* Obama's team successfully defined Romney
* Ground game, messaging seen as assets that led to victory
* Republicans viewed Obama's campaign as negative, divisive
By Jeff Mason
CHICAGO, Nov 7 On the day after the 2010 midterm
election that swept Republicans into control of the House of
Representatives and decreased Democrats' majority in the Senate,
senior White House adviser David Axelrod had a message for
President Barack Obama.
"I think they just planted the seeds of your re-election,"
he told his boss.
"The most strident voices had seized control of the
Republican Party and you knew that the nominee who would emerge
either would come from that Tea Party base or would have to
yield to it in order to be the nominee," Axelrod told Reuters.
That nominee ended up being former Massachusetts Governor
Mitt Romney, and Obama's campaign went on to exploit his ties to
the conservative wing of his party and outmaneuver him to
victory in the Nov. 6 general election.
Axelrod, who left the White House to oversee strategy for
the president's 2012 campaign, and fellow Democrats attribute
Obama's decisive win on Tuesday to Obama and to a consistent
strategy that sidelined Romney in key swing states.
An early and effective effort to define the former private
equity executive as unfriendly to the middle class, a superior
ground operation to get out the vote, and a deft response to
missteps by Romney and his allies helped Obama overcome his own
perceived weaknesses in presiding over a slow economic recovery.
"They successfully made this a choice election as opposed to
a referendum on the president and the economy," said Michael
Feldman, a Democratic strategist and former adviser to Vice
President Al Gore. "They also used the critical months between
the end of the (Republican) primary and the general election to
better define Mitt Romney than the Romney campaign did."
That defining process turned out to be key.
In the spring and summer, Obama's campaign used a massive
advertising package to highlight concerns about Romney's tenure
as the head of Bain Capital and pounded the multi-millionaire
executive for refusing to release several years of his personal
The Romney campaign's slow response to that onslaught and
failure to neutralize the criticism over his tax returns baffled
Obama's Chicago team.
"Their inability to respond to attacks that they knew were
coming, I think, was a major mistake on their part," said one
Obama campaign official. "If they had made a decision they
weren't going to release his taxes, they should have had a plan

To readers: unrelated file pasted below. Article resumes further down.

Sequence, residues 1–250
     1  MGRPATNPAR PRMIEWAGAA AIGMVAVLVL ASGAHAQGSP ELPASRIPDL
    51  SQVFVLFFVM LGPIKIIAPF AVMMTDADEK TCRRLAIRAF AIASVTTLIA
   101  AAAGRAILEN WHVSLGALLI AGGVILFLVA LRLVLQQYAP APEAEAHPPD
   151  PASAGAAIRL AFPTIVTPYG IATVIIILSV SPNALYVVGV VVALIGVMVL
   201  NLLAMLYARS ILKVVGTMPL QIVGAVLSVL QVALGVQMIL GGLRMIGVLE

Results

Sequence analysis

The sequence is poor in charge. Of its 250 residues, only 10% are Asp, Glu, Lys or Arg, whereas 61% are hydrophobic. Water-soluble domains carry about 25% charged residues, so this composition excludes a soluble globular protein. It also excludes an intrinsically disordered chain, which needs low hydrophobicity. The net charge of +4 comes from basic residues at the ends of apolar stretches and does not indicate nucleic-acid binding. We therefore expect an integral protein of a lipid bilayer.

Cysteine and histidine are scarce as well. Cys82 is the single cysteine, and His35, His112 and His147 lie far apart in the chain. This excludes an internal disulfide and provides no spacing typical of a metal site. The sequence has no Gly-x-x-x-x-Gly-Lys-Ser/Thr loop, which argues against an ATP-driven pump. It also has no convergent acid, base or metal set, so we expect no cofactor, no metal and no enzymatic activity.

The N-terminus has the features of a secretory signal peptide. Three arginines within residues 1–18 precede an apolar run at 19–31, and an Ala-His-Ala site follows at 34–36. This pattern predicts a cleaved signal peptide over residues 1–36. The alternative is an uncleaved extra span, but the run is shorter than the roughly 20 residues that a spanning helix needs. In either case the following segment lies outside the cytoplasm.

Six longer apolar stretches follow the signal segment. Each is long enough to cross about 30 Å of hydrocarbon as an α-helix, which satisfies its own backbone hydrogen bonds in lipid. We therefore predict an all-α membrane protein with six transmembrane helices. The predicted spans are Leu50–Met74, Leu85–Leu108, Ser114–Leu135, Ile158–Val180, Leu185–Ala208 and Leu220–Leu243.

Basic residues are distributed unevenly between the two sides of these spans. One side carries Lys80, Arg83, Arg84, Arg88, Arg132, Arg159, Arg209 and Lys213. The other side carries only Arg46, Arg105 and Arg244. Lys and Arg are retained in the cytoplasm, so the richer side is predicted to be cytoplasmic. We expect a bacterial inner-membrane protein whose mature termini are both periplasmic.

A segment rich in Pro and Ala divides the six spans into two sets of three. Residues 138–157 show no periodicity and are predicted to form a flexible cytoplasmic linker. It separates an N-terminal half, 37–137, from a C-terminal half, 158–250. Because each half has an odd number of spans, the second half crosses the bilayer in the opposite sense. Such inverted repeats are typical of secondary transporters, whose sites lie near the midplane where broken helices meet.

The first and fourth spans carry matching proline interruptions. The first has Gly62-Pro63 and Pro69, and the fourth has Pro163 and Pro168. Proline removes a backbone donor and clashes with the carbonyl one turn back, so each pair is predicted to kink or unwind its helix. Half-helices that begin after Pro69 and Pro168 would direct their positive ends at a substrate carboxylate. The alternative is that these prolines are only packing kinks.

around how to deal with that."
MESSAGING, POLICY, GROUND GAME
Obama's campaign made mistakes, too. The president's first
debate performance was widely panned and would have been blamed
by many for his defeat if he had lost to Romney on Tuesday.
Democrats' slow acceptance of the financial influence of
outside groups known as Super PACs was also cited earlier in the
year as a strategic misstep.
But Obama's strength on the ground and effective messag es -
which Republicans viewed as particularly negative - made up for
"They had a ground game that they worked on for five years,"
said Charlie Black, a Republican strategist who advised Romney.
"It's unusual for an incumbent president to run such a
negative, divisive campaign, but they pulled it off."
Axelrod cited Romney's secretly taped comment that 47
percent of Americans were reliant on government, conservative
policy positions on immigration and taxes, and his selection of
budget hawk Paul Ryan as a running mate as key factors that tied
him to the right and turned off mainstream voters.
"I think it was a mistake," Axelrod said of Wisconsin
Representative Ryan's selection. "I think it was a way for
(Romney) to coalesce his base and get through his convention."
In an election that was determined by the fight over swing
states such as Ohio, where jobs tied to the auto industry are
critical, Obama's team also deftly highlighted Romney's
opposition to Obama's auto bailout and his published opinion
piece that suggested Detroit, Michigan-based companies should be
allowed to fail.
"Whoever decided that they should use the phraseology 'Let
Detroit Go Bankrupt' should probably not get employed as a
political consultant again," said an Obama campaign worker. "It
definitely has haunted them in Ohio in a big way."
Obama ended up winning Ohio and most of the battleground
states that he and Romney both coveted, granting him another